If you've fallen behind on your taxes, can a bankruptcy help?
Being broke and saddled with a lot of unpaid debts can be an incredibly lonely experience. More than likely, you see many of your friends and relatives through the filter of their social media accounts. That means that you see what they want to present rather than the whole picture. Most people don't discuss their financial woes that openly. It's easy to start to believe that you're the only person in your social group that's hiding from creditors or struggling to keep the utilities turned on.
You've probably heard it before a few dozen times: Your student loans are not dischargeable in bankruptcy. That's been true ever since 2005 when the Bankruptcy Abuse Prevention and Consumer Protection Act went into action.
One of the things that often stops people from filing for bankruptcy protection is the fear that they'll never have credit again.
Should you file for bankruptcy before or after a foreclosure?
Nobody really wants to think about their financial woes during the holiday season. However, if you're already planning on filing bankruptcy after the first of the year -- or even think that you might have to consider it -- you might want to consider talking with a bankruptcy attorney sooner, rather than later.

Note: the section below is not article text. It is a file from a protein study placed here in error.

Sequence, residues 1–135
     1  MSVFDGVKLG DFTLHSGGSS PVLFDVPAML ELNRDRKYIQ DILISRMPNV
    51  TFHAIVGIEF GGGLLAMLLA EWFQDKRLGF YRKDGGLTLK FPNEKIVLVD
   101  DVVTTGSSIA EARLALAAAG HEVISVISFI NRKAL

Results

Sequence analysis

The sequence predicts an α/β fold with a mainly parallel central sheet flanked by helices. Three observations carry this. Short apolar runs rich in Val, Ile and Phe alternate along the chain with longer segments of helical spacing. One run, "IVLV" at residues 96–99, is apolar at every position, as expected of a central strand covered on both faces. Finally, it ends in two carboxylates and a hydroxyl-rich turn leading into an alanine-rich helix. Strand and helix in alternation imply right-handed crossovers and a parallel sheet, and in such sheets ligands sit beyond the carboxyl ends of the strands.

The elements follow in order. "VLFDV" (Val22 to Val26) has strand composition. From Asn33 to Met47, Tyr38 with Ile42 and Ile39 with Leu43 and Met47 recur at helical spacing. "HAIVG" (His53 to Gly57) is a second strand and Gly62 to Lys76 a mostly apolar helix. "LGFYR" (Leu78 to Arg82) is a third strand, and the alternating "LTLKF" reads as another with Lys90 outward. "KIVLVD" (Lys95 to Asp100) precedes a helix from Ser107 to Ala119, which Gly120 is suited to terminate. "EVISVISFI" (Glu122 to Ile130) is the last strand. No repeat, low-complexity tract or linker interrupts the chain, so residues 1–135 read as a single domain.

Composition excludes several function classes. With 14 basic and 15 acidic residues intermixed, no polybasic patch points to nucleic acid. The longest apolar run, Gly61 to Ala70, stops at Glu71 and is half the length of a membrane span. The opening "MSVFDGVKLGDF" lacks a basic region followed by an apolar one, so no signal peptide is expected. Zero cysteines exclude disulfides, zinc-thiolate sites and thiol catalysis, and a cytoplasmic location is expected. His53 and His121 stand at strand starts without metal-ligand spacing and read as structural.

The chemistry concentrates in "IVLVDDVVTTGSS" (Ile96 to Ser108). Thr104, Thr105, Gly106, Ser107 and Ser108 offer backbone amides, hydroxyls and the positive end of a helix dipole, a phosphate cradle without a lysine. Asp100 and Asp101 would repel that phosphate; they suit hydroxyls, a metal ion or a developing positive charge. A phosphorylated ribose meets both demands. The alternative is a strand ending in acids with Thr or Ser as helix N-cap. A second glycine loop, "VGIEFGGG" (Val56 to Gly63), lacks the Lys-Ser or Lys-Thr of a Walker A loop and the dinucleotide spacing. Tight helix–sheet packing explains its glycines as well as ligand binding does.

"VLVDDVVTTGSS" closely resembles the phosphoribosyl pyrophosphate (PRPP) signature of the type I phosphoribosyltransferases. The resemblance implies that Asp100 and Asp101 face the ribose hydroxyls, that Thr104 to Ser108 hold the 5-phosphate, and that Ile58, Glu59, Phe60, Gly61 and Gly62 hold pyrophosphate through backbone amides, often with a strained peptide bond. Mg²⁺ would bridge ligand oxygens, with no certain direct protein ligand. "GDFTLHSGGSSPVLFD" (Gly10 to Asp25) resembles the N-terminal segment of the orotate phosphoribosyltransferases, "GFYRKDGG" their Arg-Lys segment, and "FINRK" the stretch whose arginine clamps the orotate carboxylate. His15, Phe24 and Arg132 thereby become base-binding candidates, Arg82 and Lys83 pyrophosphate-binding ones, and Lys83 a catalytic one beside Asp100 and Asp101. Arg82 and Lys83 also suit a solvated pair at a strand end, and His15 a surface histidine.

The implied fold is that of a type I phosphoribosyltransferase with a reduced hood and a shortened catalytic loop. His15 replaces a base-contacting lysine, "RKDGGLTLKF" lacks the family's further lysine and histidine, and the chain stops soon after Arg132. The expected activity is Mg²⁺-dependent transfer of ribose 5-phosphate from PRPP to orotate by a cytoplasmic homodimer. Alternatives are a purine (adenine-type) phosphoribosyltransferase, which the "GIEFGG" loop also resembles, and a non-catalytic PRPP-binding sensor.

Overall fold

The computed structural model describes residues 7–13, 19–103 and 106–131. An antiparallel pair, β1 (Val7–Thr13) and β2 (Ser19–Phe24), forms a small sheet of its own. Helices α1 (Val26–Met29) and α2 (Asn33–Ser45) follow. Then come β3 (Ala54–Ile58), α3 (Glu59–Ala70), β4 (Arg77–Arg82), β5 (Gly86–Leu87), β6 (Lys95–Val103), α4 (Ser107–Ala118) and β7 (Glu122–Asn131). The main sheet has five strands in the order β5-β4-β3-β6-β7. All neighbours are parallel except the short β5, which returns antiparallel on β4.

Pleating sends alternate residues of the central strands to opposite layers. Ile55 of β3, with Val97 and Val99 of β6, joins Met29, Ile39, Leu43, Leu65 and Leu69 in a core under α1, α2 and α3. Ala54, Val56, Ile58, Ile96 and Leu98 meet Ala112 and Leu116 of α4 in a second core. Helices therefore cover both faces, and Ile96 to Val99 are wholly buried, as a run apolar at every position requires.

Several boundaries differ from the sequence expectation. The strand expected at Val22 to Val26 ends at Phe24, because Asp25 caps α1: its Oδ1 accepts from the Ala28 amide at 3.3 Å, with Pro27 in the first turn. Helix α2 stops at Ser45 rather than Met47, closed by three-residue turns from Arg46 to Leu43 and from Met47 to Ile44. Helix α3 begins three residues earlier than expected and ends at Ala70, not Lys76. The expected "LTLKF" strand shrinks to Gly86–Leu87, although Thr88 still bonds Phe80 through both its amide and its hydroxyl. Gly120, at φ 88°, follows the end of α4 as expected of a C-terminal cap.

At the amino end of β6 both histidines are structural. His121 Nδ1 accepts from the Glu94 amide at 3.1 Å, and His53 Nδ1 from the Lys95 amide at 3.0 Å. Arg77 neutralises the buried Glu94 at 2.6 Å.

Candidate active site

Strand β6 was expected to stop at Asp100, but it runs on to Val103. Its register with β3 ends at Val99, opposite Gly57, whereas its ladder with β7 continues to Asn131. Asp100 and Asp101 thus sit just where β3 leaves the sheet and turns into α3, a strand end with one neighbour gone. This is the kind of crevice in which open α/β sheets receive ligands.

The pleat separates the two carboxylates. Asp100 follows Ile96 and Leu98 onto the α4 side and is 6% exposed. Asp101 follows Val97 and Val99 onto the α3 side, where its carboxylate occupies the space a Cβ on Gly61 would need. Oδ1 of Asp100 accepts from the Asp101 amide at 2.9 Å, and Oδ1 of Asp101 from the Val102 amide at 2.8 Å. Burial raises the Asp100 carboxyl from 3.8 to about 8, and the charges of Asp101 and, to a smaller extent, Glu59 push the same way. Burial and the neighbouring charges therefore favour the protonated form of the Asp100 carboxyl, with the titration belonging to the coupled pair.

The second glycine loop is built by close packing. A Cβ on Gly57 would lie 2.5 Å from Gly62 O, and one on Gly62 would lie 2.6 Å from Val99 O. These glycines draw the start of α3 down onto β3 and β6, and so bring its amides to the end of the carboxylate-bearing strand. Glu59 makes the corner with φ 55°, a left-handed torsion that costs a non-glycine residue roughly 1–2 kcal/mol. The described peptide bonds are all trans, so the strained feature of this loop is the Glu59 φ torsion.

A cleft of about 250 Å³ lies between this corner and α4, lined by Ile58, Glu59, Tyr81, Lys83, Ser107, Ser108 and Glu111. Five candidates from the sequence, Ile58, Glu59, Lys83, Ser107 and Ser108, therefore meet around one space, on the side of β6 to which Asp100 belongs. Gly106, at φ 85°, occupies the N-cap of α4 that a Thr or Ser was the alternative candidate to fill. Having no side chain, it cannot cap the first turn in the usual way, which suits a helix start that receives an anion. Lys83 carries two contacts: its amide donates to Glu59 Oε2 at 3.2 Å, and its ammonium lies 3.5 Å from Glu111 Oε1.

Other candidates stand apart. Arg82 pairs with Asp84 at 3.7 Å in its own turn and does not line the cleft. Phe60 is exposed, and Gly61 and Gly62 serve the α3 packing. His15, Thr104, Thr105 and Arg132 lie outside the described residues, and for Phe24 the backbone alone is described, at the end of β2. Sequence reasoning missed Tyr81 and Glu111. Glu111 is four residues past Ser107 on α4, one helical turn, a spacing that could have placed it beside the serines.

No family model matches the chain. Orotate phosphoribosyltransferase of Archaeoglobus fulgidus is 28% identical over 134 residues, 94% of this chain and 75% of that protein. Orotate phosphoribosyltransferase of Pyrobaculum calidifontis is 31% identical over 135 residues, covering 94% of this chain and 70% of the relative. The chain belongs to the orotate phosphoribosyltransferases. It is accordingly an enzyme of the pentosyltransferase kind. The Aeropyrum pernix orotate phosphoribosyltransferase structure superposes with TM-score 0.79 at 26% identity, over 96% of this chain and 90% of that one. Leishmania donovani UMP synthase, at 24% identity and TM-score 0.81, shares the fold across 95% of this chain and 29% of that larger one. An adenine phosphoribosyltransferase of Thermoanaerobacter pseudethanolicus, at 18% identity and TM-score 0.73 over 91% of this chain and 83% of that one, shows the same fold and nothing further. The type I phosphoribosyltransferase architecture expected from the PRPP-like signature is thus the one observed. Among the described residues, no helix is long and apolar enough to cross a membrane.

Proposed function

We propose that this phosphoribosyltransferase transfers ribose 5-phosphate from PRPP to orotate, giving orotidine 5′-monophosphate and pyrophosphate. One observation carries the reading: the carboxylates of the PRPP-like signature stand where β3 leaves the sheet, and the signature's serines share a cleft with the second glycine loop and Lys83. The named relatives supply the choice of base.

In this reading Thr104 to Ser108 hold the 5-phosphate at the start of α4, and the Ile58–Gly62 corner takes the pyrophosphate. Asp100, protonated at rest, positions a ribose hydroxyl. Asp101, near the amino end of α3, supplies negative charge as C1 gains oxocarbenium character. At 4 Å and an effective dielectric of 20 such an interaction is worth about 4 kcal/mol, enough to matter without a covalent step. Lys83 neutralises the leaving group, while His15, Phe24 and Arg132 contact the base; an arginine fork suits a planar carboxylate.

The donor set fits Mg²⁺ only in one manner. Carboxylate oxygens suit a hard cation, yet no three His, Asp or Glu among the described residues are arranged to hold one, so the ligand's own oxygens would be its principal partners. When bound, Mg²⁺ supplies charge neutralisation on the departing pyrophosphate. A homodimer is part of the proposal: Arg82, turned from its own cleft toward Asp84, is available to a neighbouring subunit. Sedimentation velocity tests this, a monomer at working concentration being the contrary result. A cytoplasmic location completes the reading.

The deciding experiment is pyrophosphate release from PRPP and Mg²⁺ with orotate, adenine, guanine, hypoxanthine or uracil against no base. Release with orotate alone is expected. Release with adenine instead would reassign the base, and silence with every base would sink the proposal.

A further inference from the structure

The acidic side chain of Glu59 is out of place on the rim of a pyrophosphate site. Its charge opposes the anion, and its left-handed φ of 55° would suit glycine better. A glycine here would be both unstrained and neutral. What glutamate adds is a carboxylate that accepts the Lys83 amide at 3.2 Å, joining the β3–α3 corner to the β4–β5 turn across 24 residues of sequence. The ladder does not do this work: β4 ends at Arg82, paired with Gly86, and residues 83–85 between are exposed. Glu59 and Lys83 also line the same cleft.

Baby boomers are largely approaching their "golden years," yet many boomers are finding themselves struggling financially. In fact, more seniors than ever are filing for bankruptcy -- and experts don't think that trend will reverse itself any time soon.
Are you putting off filing for bankruptcy because you keep hoping that you'll discover a miraculous way to turn your financial situation around?
Your senior years are supposed to be your "golden" years -- but many seniors these days are finding themselves unable to manage their debts and living expenses. Even though the nation is prospering economically, many seniors are being left behind due to social changes that have affected their finances.
You generally take care not to spend more than you earn. You understand the value of some debt, like taking out a mortgage. However, you never make excess purchases on credit cards or rack up more debt than you can afford.